6.13.2011 … Megabus anxiety :)

 MegaBus anxiety 🙂 … That will be me in a few hours!

labyrinths, Charlotte:  Labyrinth walk #3 – Wedgewood Baptist on Tyvola … Beginning to understand that the setting is not as important as the state of mind …

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culture, Rep. Anthony Weiner,  slime bags, internet, twitter:  So far the internet is a big problem for slime bags … and these men are supposed to be savvy and smart.

For a Generation Xer born 34 years before Google, Anthony Weiner seemed to have a younger man’s knack for Internet culture. In merely 20 months using Twitter, the virtual social club that now has more than 200 million participants, Weiner managed to interest some 77,000 people in subscribing to his dispatches, jokes and provocations on topics ranging from hockey to finance to Israel’s borders.

Weiner, whose trafficking in vulgar online communiqués may have ruined his political career, may not deserve to stay married. But he should not be pilloried forever. He was a skilled and even advanced Twitter player, whose politics and erotic life, like those of so many Americans under 40, were centered in digital culture. At a time when political analysts like James Carville, who said recently on CNN that he’d never seen Twitter, flaunt their ignorance of the Internet, we need more thoroughly digital minds — even if, like all minds, they periodically turn dirty — in public life.

Twitter handsomely rewards those with a capacity for risk and an aptitude for the social sciences, especially economics, game theory, psychology and sociology.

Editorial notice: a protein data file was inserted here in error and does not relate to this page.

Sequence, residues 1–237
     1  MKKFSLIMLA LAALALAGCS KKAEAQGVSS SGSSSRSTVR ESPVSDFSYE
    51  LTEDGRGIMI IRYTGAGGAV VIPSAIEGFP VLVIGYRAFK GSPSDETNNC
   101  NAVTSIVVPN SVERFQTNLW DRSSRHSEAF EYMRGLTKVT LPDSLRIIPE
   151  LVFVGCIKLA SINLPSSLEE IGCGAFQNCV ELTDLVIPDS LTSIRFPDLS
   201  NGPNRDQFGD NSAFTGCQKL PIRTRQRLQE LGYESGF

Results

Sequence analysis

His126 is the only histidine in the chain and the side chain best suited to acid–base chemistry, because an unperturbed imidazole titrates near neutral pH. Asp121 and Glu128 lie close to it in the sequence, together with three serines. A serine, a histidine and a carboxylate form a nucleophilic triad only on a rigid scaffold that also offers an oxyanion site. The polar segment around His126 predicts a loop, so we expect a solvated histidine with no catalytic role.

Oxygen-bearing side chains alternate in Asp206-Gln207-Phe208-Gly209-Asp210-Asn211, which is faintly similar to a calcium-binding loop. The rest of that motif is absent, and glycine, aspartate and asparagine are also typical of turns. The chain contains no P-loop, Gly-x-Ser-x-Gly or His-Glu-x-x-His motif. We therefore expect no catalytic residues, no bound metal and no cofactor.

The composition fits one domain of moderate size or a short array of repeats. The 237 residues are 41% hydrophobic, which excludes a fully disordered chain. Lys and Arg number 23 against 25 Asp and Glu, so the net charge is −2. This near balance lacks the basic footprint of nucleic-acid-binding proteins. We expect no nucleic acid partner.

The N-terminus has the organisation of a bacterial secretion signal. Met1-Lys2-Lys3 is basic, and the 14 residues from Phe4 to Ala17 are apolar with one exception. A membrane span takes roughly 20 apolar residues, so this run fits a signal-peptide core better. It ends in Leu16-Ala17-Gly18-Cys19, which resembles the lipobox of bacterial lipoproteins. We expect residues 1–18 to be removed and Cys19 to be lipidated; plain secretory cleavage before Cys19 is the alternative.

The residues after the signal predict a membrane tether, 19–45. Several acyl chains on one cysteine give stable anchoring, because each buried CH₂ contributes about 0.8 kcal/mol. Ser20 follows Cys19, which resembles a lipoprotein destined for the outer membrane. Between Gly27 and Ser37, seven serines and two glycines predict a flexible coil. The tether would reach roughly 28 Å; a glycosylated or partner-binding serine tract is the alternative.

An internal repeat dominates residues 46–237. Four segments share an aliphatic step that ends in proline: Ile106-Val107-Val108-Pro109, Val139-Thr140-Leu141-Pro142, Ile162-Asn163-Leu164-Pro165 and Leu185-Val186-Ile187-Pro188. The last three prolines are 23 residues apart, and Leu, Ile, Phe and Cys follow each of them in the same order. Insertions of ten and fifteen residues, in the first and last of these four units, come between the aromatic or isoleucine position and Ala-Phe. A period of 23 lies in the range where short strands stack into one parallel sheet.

In the days immediately after the Weiner revelations, according to the statisticians at TweetCongress, posts by Republicans went down 27 percent, while posts from Democrats dropped 29 percent. That’s too bad. In Weiner’s apologia speech, he urged the media not to blame social media for his personal and sexual habits. We shouldn’t. There’s nothing intrinsically immoral about Twitter. It doesn’t have to be given up like drugs. But people who use Twitter do need to improve their skills, and, more than ever, we need people who understand the massive new online game, like Anthony Weiner, to help explain it all to us.

via Anthony Weiner and the Game of Twitter – NYTimes.com.

time, psychology: Interesting article …

But you don’t have to hide out in a cave for a couple of months to warp time, it happens to us all the time. Our experience of time is flexible; it depends on attention, motivation, the emotions and more.

The last words on time come from two great thinkers; first Albert Einstein:

“Put your hand on a hot stove for a minute, and it seems like an hour. Sit with a pretty girl for an hour, and it seems like a minute. That’s relativity.”

And finally, Douglas Adams:

“Time is an illusion. Lunchtime doubly so.”

via 10 Ways Our Minds Warp Time — PsyBlog.

culture, kindness:  I found this article thought provoking.  I find that I often say the wrong thing.

But as my friend’s query suggested, some gestures were more helpful than others, and a few were downright annoying. So at the risk of offending some well-meaning people, here are Six Things You Should Never Say to a Friend (or Relative or Colleague) Who’s Sick. And Four Things You Can Always Say.

via What to Say to Someone Who’s Sick – This Life – NYTimes.com.

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June 2011

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